Deliberate Indifference: Analysis of the Circuit Split Regarding an Education Institution's Title IX Liability
No Thumbnail Available
Joyce, Leigh Campbell
McCauley, Addison C.
INTRODUCTION In 1999, the United States Supreme Court issued its seminal decision in the case of Davis as Next Friend of LaShonda D. v. Monroe Cty. Bd. Of Educ. In Davis, the Court faced the question of whether a federally-funded educational institution may be liable in a private cause of action for damages if the funding recipient (i.e., the school) is deliberately indifferent to known acts of sexual harassment between its students. Following the Court’s lengthy analysis—which has since been subject to significant debate in Title IX practice and academia, as discussed below—the Court held that “in certain limited circumstances,” it may. Twenty-three years after the Court’s decision in Davis, the precise circumstantial limitations referred to by the Court remain a topic of heated debate. This Article first addresses the Court’s holdings and rationales in Davis and Gebser v. Lago Vista Indep. Sch. Dist., the predicate case establishing the contours of funding recipient liability under Title IX by announcing the “deliberate indifference” standard. This Article next examines the current split amongst the U.S. Circuit Courts with regard to the “deliberate indifference” standard, specifically focusing on whether further, post-actual-notice harassment must occur to support an action for private damages in student-on-student harassment cases. Finally, this Article addresses the availability of damages in Title IX litigation.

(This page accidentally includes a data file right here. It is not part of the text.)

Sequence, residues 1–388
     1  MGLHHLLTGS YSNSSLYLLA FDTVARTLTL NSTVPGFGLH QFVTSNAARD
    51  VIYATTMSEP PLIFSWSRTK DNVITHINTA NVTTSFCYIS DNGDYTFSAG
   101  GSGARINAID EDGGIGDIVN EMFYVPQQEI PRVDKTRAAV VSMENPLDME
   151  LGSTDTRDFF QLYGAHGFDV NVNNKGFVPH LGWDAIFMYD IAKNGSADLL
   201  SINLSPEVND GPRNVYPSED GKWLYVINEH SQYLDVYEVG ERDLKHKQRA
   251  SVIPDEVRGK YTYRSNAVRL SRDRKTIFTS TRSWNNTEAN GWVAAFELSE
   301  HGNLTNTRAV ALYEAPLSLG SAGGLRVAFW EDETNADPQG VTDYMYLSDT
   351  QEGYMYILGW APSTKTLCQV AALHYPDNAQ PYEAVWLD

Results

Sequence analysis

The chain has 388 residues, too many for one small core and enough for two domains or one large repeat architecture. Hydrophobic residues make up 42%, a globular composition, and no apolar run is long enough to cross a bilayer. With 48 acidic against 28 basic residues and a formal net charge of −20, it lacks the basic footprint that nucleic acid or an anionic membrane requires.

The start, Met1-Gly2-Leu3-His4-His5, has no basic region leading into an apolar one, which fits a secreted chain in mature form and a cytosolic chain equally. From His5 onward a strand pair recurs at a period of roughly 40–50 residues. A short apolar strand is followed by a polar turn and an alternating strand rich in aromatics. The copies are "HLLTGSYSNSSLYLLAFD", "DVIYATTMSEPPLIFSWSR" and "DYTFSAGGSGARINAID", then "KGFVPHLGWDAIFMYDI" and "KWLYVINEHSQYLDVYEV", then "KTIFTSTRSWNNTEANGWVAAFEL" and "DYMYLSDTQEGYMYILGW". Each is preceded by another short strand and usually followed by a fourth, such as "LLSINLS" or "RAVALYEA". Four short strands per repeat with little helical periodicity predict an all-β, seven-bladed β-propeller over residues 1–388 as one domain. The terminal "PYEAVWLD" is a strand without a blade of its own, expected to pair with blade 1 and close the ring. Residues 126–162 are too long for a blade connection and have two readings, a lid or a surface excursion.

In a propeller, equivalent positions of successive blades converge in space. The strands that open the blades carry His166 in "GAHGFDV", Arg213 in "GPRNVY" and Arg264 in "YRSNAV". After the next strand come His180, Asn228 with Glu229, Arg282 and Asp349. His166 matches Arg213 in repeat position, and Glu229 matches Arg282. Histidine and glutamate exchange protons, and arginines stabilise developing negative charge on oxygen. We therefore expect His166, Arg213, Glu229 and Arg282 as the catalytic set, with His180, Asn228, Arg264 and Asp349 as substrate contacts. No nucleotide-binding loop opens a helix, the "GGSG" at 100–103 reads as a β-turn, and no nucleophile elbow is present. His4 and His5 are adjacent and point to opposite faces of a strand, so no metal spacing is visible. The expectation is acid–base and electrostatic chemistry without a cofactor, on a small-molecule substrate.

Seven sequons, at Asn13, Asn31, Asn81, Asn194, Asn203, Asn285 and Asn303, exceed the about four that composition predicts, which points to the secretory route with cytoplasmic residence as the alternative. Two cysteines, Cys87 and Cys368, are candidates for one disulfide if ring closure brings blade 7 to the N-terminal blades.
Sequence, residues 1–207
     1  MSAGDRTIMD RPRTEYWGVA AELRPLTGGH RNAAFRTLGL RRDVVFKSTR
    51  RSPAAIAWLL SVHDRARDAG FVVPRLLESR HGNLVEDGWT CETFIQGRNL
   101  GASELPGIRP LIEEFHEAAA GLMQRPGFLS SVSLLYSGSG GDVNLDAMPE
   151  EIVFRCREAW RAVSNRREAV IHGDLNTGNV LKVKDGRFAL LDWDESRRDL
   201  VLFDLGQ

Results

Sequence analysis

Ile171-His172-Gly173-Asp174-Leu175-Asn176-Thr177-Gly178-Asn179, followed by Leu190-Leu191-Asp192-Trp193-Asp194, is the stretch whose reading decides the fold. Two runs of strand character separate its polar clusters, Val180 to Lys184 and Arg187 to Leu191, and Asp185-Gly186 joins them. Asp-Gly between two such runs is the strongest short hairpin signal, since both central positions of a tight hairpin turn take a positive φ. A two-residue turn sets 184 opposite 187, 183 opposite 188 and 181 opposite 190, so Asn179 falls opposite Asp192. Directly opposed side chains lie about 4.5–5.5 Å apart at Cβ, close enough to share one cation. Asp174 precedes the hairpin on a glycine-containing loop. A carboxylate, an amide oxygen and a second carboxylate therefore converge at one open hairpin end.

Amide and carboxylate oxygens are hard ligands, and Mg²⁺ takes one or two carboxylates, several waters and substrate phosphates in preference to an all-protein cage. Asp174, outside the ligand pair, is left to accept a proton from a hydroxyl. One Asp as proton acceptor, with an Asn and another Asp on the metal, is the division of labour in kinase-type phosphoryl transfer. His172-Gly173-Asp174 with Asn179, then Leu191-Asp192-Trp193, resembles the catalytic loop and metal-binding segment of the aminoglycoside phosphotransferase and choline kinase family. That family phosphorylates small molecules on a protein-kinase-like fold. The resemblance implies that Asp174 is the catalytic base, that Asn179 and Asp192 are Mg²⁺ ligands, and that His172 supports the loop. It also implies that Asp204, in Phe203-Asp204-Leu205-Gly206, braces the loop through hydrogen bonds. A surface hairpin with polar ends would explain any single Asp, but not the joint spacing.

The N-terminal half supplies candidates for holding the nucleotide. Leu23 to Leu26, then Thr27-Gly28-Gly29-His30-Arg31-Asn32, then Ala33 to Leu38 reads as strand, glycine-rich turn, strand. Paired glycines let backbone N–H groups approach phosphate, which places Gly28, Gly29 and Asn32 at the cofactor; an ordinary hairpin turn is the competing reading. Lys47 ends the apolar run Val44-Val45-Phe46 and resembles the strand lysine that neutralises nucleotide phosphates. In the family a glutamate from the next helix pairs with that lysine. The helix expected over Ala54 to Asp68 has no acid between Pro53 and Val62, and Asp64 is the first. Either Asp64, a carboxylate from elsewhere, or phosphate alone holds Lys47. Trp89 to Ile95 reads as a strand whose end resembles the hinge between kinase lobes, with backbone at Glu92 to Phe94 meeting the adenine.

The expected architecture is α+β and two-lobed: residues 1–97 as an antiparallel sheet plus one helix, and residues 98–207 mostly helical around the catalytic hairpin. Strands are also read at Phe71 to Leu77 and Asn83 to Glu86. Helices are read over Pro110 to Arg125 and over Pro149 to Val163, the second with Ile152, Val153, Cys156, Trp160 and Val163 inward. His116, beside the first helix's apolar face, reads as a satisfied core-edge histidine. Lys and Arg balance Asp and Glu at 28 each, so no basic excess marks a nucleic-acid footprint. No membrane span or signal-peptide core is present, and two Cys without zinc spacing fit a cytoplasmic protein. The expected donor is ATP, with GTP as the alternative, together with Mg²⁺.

Creighton University School of Law